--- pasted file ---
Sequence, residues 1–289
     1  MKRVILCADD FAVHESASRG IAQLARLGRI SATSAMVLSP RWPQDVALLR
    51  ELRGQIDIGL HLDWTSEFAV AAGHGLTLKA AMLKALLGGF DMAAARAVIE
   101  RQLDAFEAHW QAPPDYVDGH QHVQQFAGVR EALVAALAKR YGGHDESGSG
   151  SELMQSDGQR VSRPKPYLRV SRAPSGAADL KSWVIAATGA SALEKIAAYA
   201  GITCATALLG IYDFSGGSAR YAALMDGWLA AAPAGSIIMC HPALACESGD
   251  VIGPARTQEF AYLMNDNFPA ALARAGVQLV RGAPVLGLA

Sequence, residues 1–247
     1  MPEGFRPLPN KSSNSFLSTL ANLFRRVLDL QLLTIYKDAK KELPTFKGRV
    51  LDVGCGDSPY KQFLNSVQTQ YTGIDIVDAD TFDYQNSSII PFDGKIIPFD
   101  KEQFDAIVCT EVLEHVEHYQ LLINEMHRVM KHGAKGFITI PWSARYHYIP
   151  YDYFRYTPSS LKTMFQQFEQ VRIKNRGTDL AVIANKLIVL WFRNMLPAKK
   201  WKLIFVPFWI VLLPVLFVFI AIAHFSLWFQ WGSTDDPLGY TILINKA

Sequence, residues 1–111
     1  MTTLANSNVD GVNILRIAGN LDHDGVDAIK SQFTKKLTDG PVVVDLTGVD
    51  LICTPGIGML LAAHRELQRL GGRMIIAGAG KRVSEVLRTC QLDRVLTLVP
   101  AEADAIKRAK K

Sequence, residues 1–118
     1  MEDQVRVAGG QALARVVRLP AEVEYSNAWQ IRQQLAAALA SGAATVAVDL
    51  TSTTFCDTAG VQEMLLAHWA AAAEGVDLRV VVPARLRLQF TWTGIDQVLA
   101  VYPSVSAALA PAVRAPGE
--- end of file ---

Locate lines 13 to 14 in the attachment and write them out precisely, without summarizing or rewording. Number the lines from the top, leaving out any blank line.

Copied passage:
   201  WKLIFVPFWI VLLPVLFVFI AIAHFSLWFQ WGSTDDPLGY TILINKA

Sequence, residues 1–111